Restructuring Deus Ex Kinema

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I started Deus Ex Kinema as an outlet for my film criticism and my theories about film and filmmaking in general.  I decided to make a conscious decision to break down each film into several scores instead of one overall number.  In addition, while I have an overall score for each film, there are two other important scores.  I’m speaking of the “film as art” rating and the “film as entertainment” rating.  I decided this because I realized that each and every film can be talked about as a mixture of art and entertainment, but never one or the other.  Because I feel as though these two ratings are the most important, I will no longer give an overall score.  The previous “overall” will now be split between the art and entertainment ratings.  I plan on these two scores being the only numbered scores that I give.  Instead, my breakdown will consist of key words and phrases.  To give an example, under the new system, Captain Phillips would have a breakdown that would look like this (instead of a bunch of numbers):

Direction: Focused, driven, mature.

Acting: Well realized, complicated characters by both well known actors and non-actors.

Cinematography: Grainy, gritty, documentarian, genuine and grounded.

Story: Perfectly paced, intense, critical, an interesting take on modern tragedy.

Dialogue: Natural and occasionally improvised.

Editing: Fast at times, but perfectly content with letting certain moments breath.

Art Direction: Stark contrasts mirror thematic elements, from grimy and rusty to polished and clean.

OVERALL:

“Film as Entertainment” Rating: 9/10

“Film as Art” Rating: 8/10

Secondly, I want to forge into new and exciting territory in addition to what I’ve been doing already…  Gaming is an immensely fascinating mode of expression to me.  It is hailed by some, and absolutely panned by others.  The debate of violence in video games rolls on, each side bringing more studies and arguments to the table every day.  Game criticism is similarly convoluted, with people occasionally sending death threats, responses to thoughtful reviews that are contrary to their own opinions.  I’ve heard many video game journalists speak about this phenomena, and I thought I’d throw in my own opinion on the matter.  I believe this is an artifact of the fact that gaming is an incredibly personal experience.  Yes, there are multiplayer games in which people interact with others within the game, but the fact that video games are rarely experienced in a true, social setting, is very important.  Games really have no public venue, but instead exist solely in one’s home, and are often played alone.  This ends up making it a very personal interaction between the individual and the game.  As such, any negative criticism of a game that is beloved by an individual is perceived as an attack on them.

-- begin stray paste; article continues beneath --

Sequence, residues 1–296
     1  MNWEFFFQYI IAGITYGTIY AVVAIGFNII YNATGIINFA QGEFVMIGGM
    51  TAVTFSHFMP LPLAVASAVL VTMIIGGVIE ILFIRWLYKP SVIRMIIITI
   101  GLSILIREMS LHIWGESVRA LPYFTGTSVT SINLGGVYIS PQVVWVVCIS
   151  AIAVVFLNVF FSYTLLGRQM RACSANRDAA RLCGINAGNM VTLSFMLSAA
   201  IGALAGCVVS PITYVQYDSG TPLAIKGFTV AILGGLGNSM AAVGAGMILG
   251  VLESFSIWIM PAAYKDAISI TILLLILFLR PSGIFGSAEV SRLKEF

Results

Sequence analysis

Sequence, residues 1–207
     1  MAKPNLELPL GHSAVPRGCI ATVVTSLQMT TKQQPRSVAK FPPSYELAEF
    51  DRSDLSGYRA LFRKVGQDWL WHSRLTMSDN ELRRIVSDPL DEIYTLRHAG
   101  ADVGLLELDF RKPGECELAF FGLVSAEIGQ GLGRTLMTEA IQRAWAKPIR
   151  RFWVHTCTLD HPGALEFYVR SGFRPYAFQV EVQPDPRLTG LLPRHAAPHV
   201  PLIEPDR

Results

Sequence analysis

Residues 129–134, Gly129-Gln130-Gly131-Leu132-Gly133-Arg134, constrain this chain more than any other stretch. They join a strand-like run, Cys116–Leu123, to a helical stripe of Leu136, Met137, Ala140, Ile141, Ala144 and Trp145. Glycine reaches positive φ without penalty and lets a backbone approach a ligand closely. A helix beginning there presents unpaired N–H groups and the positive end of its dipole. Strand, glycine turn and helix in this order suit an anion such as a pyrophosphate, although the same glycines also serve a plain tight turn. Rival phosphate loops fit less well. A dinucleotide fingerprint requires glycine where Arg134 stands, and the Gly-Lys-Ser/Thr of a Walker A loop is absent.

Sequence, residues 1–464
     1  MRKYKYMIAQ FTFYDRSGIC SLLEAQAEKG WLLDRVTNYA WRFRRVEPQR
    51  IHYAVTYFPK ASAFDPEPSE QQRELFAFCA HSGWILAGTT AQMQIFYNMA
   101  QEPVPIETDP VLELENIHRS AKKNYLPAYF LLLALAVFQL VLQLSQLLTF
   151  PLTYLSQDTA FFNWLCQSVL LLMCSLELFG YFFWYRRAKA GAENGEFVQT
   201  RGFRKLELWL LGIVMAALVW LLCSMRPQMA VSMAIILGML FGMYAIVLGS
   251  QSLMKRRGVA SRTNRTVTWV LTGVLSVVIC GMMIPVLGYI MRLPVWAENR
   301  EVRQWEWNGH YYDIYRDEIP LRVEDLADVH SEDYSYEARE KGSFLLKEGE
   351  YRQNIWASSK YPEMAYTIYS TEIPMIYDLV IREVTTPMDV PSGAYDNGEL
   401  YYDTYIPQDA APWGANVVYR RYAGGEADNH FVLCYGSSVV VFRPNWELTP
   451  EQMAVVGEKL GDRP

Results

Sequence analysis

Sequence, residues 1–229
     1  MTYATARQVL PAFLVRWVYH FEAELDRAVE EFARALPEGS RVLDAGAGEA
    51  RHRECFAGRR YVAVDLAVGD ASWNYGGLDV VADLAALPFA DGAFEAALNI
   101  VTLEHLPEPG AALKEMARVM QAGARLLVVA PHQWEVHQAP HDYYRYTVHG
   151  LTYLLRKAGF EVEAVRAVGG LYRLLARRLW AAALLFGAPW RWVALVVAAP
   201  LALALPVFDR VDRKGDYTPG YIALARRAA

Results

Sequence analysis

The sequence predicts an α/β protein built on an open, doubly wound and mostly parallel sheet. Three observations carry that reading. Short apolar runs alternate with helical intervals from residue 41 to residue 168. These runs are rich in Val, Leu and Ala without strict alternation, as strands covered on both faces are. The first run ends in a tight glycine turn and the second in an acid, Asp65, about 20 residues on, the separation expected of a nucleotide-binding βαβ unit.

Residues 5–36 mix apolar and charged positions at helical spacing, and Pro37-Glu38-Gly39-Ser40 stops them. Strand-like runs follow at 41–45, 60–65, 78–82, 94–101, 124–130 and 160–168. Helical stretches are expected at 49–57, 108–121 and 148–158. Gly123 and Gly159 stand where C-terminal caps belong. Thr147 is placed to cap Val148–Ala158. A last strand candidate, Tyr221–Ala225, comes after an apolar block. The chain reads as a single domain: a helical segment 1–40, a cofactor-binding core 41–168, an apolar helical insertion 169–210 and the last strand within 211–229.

With the rise of independently released video games coupled with the rise of computing power, the industry is actually beginning to see the dawn of a new era.  We see developers creating games that are both intellectually and aesthetically very challenging.  We see games becoming a more personal expression of ideas.  We see them becoming a medium in which we can have truly thoughtful, philosophical discussions about.  Because of this, I am very excited to say that I will be publishing reviews on new games in addition to film reviews.  But, like I noted above, games are very personal to the gamer.  With this in mind, my  reviews will focus on the subjectivity of gaming.  I will write each review with this core principle: a game review is not about deconstructing or criticizing the game for what it can or should be, but rather giving the reader information that will help them realize if they will like the game or not.  This is a bit contrary to my film criticism, but it’s because I believe both mediums should be talked about in different ways.  While film can be broken down structurally, there are plenty of video games that cannot be defined under a single structure.  This is because many games have choice.  Entire franchises, such as The Elder Scrolls, are based on the idea of creating your own story or forging your own path, while others, such as Telltale Games’ The Walking Dead are based on player choice and branching paths.  Both of these examples demonstrate that the experience that one has while playing differs fundamentally from other players’.  Narrative structure in gaming relies on what the player chooses, and therefor cannot be criticized via normal methods.

With my game reviews, I will attempt to celebrate the good aspects of each game while identifying and discussing the themes and/or commentary and how the game expresses these ideas.  Instead of a scoring system, I will have a breakdown section that identifies “What’s fun” and “What’s interesting” in an effort to help readers identify games that they’d like to experience.

And finally, I will be posting weekly updates, collections of thoughts on what I’m watching, what I’m experiencing, what I’m playing, and what I’m thinking about in all forms of art.

I hope to bring more regular, better structured, and better thought out writings to Deus Ex Kinema, and I hope to continue to tap into the intellectual in all of us.

-Nicholas Coyle

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